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FLSA Frequently Asked Questions

Frequently Asked Questions (FAQ) and Answers
Fair Labor Standards Act (FLSA)

Note: The FLSA and related federal regulations govern who is exempt from the statutory minimum wage and overtime provisions. The following Q&As apply to professional staff employees.

What differentiates exempt from nonexempt employees under the FLSA?

An exempt employee must be paid on a salary basis, not an hourly rate and must perform exempt job duties as defined by federal law. Job titles alone do not determine the exempt or nonexempt status of employees.

Are the nonexempt jobs still considered “professional” jobs?

The exemption status (exempt or nonexempt) does not change the professional nature or significance of the job at the College. It is simply a legal designation related to pay and overtime requirements under federal law.

Does the FLSA exemption status impact membership in the NSCPA bargaining unit?

FLSA exemption status does not affect whether an employee is covered by the NSCPA bargaining unit, the NSCS-NSCPA Bargaining Agreement and/or Board Policies. NSCPA remains the exclusive bargaining agent for full-time professional staff employees described in Section 1.1 of the NSCS-NSCPA Bargaining Agreement.

How are nonexempt employees compensated for overtime hours worked?

NSCPA employees can refer to the NSCS-NSCPA Bargaining Agreement which describes how compensatory time will be provided.

Non-union professional staff employees can refer to Board Policy 5032 which describes how compensatory time will be provided.

Do nonexempt employees need to obtain prior approval from his/her supervisor prior to working overtime?

Yes.

If an employee fails to obtain prior approval from his/her supervisor prior to working overtime, is the College still required to provide compensatory time for the hours worked?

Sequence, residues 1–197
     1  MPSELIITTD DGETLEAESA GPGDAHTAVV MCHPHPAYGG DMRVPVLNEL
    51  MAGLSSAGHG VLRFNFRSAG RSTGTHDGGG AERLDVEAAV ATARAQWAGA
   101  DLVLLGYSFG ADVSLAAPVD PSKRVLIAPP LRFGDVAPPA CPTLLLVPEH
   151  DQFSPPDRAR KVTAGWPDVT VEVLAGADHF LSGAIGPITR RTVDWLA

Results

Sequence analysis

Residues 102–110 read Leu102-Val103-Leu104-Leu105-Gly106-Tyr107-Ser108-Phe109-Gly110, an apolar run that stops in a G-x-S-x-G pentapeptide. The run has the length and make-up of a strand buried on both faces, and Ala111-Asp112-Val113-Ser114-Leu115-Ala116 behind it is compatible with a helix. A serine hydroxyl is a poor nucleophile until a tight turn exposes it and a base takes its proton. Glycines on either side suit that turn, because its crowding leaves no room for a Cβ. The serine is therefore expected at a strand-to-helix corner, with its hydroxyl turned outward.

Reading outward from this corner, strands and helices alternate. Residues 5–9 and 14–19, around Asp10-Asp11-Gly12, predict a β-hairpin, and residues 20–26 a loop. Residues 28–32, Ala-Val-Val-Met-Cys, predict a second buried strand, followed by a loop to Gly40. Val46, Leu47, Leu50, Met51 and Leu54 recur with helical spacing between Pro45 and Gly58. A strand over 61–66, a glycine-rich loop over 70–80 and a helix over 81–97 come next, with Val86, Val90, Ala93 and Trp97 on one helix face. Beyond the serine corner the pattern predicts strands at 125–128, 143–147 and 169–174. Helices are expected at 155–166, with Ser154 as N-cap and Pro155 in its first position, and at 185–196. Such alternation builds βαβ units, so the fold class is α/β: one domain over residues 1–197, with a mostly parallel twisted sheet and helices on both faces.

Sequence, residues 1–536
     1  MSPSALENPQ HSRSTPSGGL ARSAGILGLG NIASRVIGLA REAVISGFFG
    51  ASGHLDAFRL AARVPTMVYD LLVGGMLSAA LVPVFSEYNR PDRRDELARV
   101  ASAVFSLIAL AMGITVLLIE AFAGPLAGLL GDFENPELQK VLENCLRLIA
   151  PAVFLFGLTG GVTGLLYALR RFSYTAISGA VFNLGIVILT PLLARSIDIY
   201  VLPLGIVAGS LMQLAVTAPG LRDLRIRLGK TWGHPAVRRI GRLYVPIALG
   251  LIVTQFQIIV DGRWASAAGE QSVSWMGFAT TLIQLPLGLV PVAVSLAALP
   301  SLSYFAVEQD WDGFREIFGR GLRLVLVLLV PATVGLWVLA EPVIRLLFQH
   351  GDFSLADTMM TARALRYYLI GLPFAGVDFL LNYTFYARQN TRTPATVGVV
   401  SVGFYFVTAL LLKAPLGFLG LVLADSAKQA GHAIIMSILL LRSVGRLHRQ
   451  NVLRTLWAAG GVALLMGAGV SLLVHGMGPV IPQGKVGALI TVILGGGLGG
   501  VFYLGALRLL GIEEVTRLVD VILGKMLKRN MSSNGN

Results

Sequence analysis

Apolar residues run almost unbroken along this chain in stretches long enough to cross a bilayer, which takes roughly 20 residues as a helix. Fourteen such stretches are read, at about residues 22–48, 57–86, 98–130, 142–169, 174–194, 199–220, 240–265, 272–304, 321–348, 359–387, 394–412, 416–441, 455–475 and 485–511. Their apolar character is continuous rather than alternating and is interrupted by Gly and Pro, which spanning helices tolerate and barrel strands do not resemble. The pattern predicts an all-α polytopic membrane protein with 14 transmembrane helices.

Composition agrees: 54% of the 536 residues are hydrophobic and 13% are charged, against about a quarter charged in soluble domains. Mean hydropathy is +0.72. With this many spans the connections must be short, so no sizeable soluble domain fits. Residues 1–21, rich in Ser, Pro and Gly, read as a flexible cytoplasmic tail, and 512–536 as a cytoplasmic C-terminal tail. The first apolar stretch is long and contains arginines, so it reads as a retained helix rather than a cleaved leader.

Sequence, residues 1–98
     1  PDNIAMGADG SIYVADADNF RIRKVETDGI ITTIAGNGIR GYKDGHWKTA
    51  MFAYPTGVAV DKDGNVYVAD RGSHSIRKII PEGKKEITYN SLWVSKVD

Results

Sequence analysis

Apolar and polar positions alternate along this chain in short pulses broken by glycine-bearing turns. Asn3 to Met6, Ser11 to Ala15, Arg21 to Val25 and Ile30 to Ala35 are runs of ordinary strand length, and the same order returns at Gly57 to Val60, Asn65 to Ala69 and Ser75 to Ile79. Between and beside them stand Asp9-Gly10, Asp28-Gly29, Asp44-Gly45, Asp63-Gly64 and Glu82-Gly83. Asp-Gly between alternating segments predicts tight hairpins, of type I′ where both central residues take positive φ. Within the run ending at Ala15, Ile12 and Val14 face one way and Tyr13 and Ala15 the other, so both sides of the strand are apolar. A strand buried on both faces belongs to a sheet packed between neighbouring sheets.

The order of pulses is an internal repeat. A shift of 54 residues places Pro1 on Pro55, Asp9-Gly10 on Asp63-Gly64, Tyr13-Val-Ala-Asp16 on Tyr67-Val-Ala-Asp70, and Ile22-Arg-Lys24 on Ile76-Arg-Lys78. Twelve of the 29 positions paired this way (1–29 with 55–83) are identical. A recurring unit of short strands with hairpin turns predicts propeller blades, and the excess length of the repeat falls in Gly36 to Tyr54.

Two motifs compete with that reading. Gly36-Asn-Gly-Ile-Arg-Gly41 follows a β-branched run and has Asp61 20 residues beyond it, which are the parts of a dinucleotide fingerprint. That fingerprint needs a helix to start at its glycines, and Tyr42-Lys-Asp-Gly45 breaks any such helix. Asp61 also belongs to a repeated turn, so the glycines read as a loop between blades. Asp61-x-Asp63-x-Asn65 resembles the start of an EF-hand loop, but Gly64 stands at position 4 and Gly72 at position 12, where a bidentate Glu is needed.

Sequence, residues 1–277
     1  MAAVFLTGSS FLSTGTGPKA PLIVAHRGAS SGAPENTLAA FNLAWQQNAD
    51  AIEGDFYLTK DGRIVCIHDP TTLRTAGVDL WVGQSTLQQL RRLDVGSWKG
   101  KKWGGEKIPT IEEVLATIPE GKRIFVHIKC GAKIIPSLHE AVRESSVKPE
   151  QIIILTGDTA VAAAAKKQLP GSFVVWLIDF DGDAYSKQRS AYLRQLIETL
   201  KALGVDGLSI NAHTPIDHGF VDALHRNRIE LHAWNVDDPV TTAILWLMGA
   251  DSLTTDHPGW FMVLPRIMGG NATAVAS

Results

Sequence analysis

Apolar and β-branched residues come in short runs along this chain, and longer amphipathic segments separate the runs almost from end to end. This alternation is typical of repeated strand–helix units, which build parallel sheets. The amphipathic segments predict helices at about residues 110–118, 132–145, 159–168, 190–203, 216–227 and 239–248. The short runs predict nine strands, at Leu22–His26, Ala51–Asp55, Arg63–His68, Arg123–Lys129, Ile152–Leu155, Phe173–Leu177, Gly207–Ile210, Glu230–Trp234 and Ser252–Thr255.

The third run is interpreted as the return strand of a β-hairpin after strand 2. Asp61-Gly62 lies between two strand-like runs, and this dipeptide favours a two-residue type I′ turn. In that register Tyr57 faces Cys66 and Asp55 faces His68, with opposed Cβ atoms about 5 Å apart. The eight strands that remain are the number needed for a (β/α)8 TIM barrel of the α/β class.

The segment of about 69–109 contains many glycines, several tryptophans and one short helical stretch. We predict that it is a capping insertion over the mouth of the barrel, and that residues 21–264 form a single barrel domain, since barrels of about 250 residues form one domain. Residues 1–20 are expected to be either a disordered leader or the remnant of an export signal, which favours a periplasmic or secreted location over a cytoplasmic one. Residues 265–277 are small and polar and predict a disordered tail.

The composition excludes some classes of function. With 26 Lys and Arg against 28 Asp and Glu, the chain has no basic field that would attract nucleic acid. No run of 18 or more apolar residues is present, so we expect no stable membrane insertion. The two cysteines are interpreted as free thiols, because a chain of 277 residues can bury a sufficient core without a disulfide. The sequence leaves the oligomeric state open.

Yes, the College still has compensatory time obligations if the supervisor knows or “should have known” that overtime work was performed and did nothing to stop it from occurring.  

How can a supervisor ensure that nonexempt employees aren’t working overtime hours?

Supervisors must communicate clearly to employees about the forty (40) hour work week limit. Supervisors must enforce the requirement for employees to obtain approval prior to working overtime. Finally, supervisors must clearly inform employees that they are not allowed to work at home, work through lunch periods or work before/after assigned work hours due to the overtime/compensatory time consequences.

Does travel time count as “hours worked” for purposes of calculating overtime/compensatory time?

Yes, time spent traveling is considered compensable work time. Travel time does not include commuting time for employees to travel to and from home.

Does meal time or time sleeping count as “hours worked” for purposes of calculating overtime/compensatory time?

No, time spent at meals or sleeping does not count as hours worked.

Do holidays, sick leave or vacation leave count as “hours worked” for purposes of calculating overtime/compensatory time?

No.

Do paid break periods count as “hours worked” for purposes of calculating overtime/compensatory time?

Yes, federal law considers the breaks as compensable work hours that would be included in the sum of hours worked during the work week and considered in determining if overtime was worked.

Do unpaid lunch breaks count as “hours worked” for purposes of calculating overtime/compensatory time?

No, as long as the employee is not performing work during the unpaid lunch break.

Is on-call time considered “hours worked” for purposes of calculating overtime/compensatory time?

On-call time for purposes of calculating overtime/compensatory time is a case by case determination. Not all on-call time are hours worked.